Support Grows To Stop ACA’s New Definition of Small Business
An Affordable Care Act provision that changes the definition of a "small employer" has garnered bipartisan opposition in Congress, the New York Times reports.
Under the ACA, small businesses must offer employees health plans that meet the law's essential benefits requirements. A provision in the law defines a small business as one with 100 or fewer employees, whereas most states define a small business as one with 50 or fewer employees.
Companies falling into the new small business definition will have to comply with the ACA's requirements on employee health plans and enter the small-group insurance market as of Jan. 1, 2016. The companies could opt to purchase coverage through the small business exchanges, known as the Small Business Health Options Program exchanges, created under the ACA. Companies could end up having to offer more generous benefits than they do now, according to the Times.
In addition, the change will mean that insurers can no longer set certain premiums for companies based on the reclassified businesses' sizes, industries or claims histories, which are typically used to determine premium rates for small employers.
According to the Times, the definition change was included in the law because some believed that reclassifying small businesses would bring millions of new customers into the insurance market and stabilize the industry for small employers. However, the American Academy of Actuaries predicts the change could "result in significant premium-rate changes for some groups," especially among employers with relatively young and healthy employees.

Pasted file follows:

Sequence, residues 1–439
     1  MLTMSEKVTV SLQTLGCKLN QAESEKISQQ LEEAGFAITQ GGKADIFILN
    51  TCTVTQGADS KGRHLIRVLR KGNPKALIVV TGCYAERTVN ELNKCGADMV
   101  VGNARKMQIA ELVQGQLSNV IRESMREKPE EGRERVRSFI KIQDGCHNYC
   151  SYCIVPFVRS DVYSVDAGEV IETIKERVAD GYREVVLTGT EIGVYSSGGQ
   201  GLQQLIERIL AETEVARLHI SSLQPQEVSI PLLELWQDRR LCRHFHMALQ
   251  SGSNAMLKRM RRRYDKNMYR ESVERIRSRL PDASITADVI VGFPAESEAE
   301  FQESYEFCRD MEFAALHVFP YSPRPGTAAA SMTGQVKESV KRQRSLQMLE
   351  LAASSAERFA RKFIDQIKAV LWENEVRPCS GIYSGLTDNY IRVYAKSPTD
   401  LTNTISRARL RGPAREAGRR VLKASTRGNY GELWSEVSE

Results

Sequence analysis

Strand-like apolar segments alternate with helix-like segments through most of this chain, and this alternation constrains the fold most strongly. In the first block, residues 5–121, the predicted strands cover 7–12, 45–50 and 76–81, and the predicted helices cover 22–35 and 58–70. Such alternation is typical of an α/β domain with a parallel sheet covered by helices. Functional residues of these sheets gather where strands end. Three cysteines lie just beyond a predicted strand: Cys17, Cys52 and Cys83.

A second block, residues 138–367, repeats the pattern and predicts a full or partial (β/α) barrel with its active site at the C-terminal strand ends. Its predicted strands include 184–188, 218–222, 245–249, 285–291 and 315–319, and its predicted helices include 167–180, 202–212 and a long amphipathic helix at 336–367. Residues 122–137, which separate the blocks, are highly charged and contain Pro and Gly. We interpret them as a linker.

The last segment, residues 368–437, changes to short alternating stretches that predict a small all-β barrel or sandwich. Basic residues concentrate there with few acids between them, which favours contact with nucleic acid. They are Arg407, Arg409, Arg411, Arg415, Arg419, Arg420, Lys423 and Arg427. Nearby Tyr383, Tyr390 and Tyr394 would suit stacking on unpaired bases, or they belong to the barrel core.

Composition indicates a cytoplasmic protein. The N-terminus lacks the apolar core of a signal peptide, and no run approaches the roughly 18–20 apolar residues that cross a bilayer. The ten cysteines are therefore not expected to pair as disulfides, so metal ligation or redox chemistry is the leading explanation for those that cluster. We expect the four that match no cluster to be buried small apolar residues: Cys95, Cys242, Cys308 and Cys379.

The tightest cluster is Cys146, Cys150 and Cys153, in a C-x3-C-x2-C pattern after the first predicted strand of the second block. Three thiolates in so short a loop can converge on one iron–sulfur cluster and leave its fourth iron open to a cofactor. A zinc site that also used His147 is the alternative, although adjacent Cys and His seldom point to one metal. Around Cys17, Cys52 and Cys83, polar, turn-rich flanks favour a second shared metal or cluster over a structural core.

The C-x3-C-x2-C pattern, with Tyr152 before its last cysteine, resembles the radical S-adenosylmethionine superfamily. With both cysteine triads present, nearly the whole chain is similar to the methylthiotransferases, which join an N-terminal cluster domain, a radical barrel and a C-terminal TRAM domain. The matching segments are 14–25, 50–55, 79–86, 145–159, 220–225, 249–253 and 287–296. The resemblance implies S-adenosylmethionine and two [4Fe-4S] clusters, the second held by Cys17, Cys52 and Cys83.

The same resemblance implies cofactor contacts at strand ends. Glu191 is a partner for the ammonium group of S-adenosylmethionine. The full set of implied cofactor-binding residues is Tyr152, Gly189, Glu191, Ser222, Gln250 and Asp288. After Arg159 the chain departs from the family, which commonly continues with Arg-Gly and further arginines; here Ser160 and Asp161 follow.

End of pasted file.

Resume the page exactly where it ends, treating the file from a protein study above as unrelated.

Bipartisan Support for Scuttling New Definition
In the House, 229 lawmakers, including 43 Democrats, have endorsed legislation to keep the change from taking effect. Forty-three senators, including 10 Democrats, also support allowing states to use the current definition. According to Sen. Tim Scott (R-S.C.), who is the lead sponsor of the Senate version of the legislation, the bill would "ensure that small and midsize businesses are not faced with drastic premium increases as a result of the" ACA.
According to the Times, some industry and business trade groups have also expressed support for such legislation, including:
- America's Health Insurance Plans;
- The Blue Cross and Blue Shield Association;
- The National Federation of Independent Business; and
- The U.S. Chamber of Commerce.
According to Alissa Fox, a senior vice president at BCBSA, Congress needs to address the issue soon because many employers make benefits decisions for the coming year in September and October.
Meanwhile, HHS Secretary Sylvia Mathews Burwell said she is looking into the issue and wants to ensure "a smooth transition to the new requirements." However, the Obama administration has not endorsed or offered any proposals on the issue (Pear, New York Times, 9/20).This is part of the California Healthline Daily Edition, a summary of health policy coverage from major news organizations. Sign up for an email subscription.